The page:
“Your whole future — your name — depends upon the outcome of this war. Suffer defeat and you’ll face infamy as America’s Judas. Achieve victory and they’ll build monuments to you.” —John Simcoe to his new commander, Benedict Arnold
Hindsight is 20/20, but Benedict Arnold’s fate was not yet sealed in 1781. After betraying his friends and the American Revolution, his future could still be written in his favor. But even he may not have truly understood until oily John Simcoe explained the personal stakes over drinks. Expectant-father Arnold finally has command of a Loyalist American Legion, with Simcoe’s Queen’s Rangers and other redcoats under his command. General Henry Clinton — and the rest of the British officers—loathe Arnold, so much so that the British commander gives Simcoe (and Lieutenant-Colonel Dundas) permission to “incapacitate” Arnold in the field as soon as they have an opportunity. But Simcoe has a different perspective: In Arnold, he sees a resolute leader who will not relent until absolute victory — no matter the methods. This is a man Simcoe can work with. Arnold had finally received the command he craved by promising, “With fear and terror at my side, I will bring the hammer of war down on Washington’s head like the god Ares himself.” With Simcoe, fear and terror is what the patriots can expect.
The Culper ring knows firsthand what havoc Simcoe is capable of wreaking. And it doesn’t take them long to see his fingerprints on the prisoner-exchange ambush that killed Judge Woodhull. For Abe, the assassination weighs heavy, for obvious reasons. Remember that Abe’s older brother Thomas was killed trying to suppress the Liberty Pole Riot, a disturbance that Abe participated in sparking. He never stopped blaming himself for Thomas’ death, and now he feels guilty for his father’s death as well. In his dream, he writes words in the Culper spy book that must feel like millstones around his neck (disapproval, malcontent, defeat, disappoint), and then his angry father confronts him again and blames him for ruining everything.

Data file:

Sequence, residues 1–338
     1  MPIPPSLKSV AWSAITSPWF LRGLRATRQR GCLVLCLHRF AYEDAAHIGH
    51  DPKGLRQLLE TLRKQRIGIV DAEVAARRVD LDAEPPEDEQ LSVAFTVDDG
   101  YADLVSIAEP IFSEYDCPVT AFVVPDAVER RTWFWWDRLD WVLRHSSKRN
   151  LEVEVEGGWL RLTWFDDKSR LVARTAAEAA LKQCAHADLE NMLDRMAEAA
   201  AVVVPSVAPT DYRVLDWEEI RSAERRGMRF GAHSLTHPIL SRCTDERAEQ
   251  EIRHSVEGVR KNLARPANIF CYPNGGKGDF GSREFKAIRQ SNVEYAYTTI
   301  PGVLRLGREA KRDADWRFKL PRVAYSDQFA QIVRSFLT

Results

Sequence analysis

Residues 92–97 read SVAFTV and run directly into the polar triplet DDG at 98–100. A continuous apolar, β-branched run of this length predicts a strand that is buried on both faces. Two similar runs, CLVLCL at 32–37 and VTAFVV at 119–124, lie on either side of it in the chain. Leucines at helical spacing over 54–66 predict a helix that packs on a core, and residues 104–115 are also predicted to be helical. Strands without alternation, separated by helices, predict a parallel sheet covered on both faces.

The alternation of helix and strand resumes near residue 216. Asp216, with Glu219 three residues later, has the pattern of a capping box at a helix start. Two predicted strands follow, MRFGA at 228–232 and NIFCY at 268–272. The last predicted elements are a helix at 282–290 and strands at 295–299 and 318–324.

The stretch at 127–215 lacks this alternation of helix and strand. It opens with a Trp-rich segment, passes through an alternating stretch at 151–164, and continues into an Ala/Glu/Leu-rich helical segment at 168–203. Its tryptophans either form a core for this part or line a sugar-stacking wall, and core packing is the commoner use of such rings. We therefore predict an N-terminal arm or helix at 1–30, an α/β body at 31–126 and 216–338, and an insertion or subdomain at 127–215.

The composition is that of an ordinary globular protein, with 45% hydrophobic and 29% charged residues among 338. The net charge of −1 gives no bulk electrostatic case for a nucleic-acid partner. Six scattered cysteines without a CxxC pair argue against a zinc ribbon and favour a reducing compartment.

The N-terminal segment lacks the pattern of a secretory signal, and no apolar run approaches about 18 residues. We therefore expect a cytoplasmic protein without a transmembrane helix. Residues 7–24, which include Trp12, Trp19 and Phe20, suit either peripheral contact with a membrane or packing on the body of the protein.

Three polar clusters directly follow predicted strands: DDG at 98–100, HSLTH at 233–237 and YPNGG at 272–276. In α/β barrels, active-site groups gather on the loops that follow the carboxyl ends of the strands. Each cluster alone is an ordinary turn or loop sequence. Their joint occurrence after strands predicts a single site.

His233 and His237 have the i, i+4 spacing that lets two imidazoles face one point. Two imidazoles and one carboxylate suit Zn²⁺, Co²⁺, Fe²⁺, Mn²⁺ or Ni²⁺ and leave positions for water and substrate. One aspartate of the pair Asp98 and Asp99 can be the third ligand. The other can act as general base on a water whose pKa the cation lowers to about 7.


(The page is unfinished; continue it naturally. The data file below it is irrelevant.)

When Abe awakes from his nightmare, he finds that he’s not back in Setauket. Instead, he’s in a barn in Washington’s camp in New Windsor. His father’s cold dead body rests nearby, and Anna is there to console Abe. After the ambush, Ben had delivered Caleb to a different military hospital and then returned to New Windsor with the Woodhulls because he couldn’t get them across the Sound. When Caleb awakes and comes to his senses, he remembers that Simcoe deduced during his brutal interrogation that Abe — not Robert Rogers — was Culper, and Caleb quickly sets out on horseback out to warn Ben and Abe. When patriot pickets pull an exhausted Caleb to safety, he’s muttering “Hail Mary” prayers — or is he pleading for someone to save Mary Woodhull and her son?
Abe’s done with the Culper ring. All he wants is transport home so he can bury his father properly, near the church and next to his wife and son. But as Washington quickly points out to Ben, “This is not the first time he’s threatened to quit his post.” The general bluntly suggests that Abe can keep spying for him or he can pick up a gun and join the army. Washington is not quite himself. “One defection is tearing us apart — still,” Ben will later say in anguish, and it’s true. For Washington, Arnold’s defection was a personal betrayal, and a painful lesson that no one can be trusted. He admired Arnold. He confided in Arnold. And such affection had made him blind. “Never again” is the unspoken postscript to every Washington sentence, and the ripples from West Point continue to spread outwards.
Most notably, there is growing discontent within Washington’s camp. Anna has witnessed it firsthand, and Alexander Hamilton acknowledged he was powerless to remedy the problem without financial assistance from Congress. These soldiers have fought and died for their new country, and many of the survivors haven’t been paid in a year. Meanwhile, Congress hands out bounties to new recruits in order to replenish the ranks while stiffing the men who have bled and kept the revolution alive. It’s difficult to argue the former Drunken Sleazy Officer’s point when he says to his fellow mutineers, “If a general like Arnold can’t get paid, what chance have we got?”
If Washington and Hamilton can’t pay them, then the angry and armed troops of the Pennsylvania Line will march to Philadelphia and have a friendly-like conversation with the politicians claiming poverty. They murder some American officers who try to stop them from leaving their posts, and chant “We are not Arnolds” when they’re finally confronted by Anthony Wayne’s army. They don’t intend to switch sides — though in truth, Clinton sent word to them that he’d happily pay them for their service. They just want what is owed them, and what they and their families need to survive.